It came as no surprise when, a few weeks later; I found I was carrying a baby. Knowing it was to be a girl, I rushed to the fabric store and came home with arms full of pink fabric. I sewed blankets, dresses, comforters, and crib sets, all in pink! I sewed my way through the summer and into fall. Cal was working hard to develop his clientele for his new business in addition to working as a sales manager for a dealership. By November, he was feeling exhausted and I was very overdue. But as if the year had not produced enough incredible experiences already, we were in for yet another surprise.

Cal had been saying he had a stomachache for a few weeks. Because he rarely complained, although he had experienced pain most of his life due to a birth defect, I was concerned. I thought perhaps he had an ulcer from all the stress of the past two years, and so he went in for some routine test. Shortly after he returned from having some X- rays taken, his doctor called us at home. “Mrs. Stewart,” she said, “I need to see you and your husband in my office in one hour.” I was immediately overcome with a feeling of despair.

The air in the doctor’s office was thick and heavy. I was very uncomfortable, being twenty-one days overdue, and Cal struggled quietly with his own pain. The doctor’s words came quickly and were straight to the point: “Mr. And Mrs. Stewart, I am sorry to tell you that Cal has cancer. It seems to have started in your esophagus, but it has spread to your liver, stomach, and lymph nodes. It is terminal. I hope you will live to see the birth of your child.”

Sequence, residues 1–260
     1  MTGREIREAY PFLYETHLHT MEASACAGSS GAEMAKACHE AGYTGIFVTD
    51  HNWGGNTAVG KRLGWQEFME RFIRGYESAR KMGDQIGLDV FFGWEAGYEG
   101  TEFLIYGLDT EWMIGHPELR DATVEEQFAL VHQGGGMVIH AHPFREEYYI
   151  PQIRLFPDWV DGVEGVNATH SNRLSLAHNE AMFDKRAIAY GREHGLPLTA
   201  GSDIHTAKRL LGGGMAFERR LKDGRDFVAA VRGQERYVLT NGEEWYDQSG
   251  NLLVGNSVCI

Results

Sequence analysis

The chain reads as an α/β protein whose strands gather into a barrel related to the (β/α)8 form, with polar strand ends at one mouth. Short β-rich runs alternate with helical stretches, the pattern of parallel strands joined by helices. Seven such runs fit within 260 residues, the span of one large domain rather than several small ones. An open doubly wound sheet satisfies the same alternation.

For a minute I thought I was losing my mind. I could hardly believe I had heard the doctor say she hoped Cal would live to see the birth of his child. Couldn’t she see I was due to deliver at any moment? I felt my head spinning as I tried to listen to what she was saying and keep myself from crying. We stumbled from her office to the car. I don’t know how we got home. I do remember being at the foot of our bed that afternoon, holding hands as Cal offered up to God the desires of his hear, asking for a healing, a blessing. He cried. I had been with him for so many years, decades, almost, and could only remember him crying two times before.

Over the next few days we went from doctor to doctor and tried to make plans. Cal had decided he was not going to die from cancer. Other people had survived such a thing, so why not Cal?

Just three days after his diagnosis, on November 19, our daughter was born. Little Rebecca created quite a stir as she made her entrance into the world that night. What a wonderful event it was! The room was full of family, children, and friends. During the whole ordeal, I felt Cal at my side, his arm around my shoulder and his hand on my arm. My support, my strength, as he had always been. I didn’t notice then how sick he had become that day. And it wouldn’t be until Christmas that he would tell me about the other touching events of that evening. He said that he had felt find during the whole night, until the moment Rebecca was born. As he touched her little body as she lay on my chest and as he realized she was all right, he began to feel himself slipping away. He struggled for a chair and quietly fought the feeling of death that had overcome him at the very moment life had entered his newborn baby.